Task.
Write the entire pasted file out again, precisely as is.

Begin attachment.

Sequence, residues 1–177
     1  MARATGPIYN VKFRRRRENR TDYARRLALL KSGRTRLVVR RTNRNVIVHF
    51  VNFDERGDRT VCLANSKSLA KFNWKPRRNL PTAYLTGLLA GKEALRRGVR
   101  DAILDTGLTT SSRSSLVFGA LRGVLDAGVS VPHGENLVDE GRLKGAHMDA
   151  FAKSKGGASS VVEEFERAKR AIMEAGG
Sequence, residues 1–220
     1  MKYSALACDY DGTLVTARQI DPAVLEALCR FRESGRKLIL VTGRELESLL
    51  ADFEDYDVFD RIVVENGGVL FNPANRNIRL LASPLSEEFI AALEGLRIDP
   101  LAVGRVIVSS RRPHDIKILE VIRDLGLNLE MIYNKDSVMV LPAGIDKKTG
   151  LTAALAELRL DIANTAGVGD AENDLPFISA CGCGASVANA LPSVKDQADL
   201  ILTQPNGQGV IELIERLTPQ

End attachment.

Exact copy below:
Sequence, residues 1–177
     1  MARATGPIYN VKFRRRRENR TDYARRLALL KSGRTRLVVR RTNRNVIVHF
    51  VNFDERGDRT VCLANSKSLA KFNWKPRRNL PTAYLTGLLA GKEALRRGVR
   101  DAILDTGLTT SSRSSLVFGA LRGVLDAGVS VPHGENLVDE GRLKGAHMDA
   151  FAKSKGGASS VVEEFERAKR AIMEAGG
Sequence, residues 1–220
     1  MKYSALACDY DGTLVTARQI DPAVLEALCR FRESGRKLIL VTGRELESLL
    51  ADFEDYDVFD RIVVENGGVL FNPANRNIRL LASPLSEEFI AALEGLRIDP
   101  LAVGRVIVSS RRPHDIKILE VIRDLGLNLE MIYNKDSVMV LPAGIDKKTG
   151  LTAALAELRL DIANTAGVGD AENDLPFISA CGCGASVANA LPSVKDQADL
   201  ILTQPNGQGV IELIERLTPQ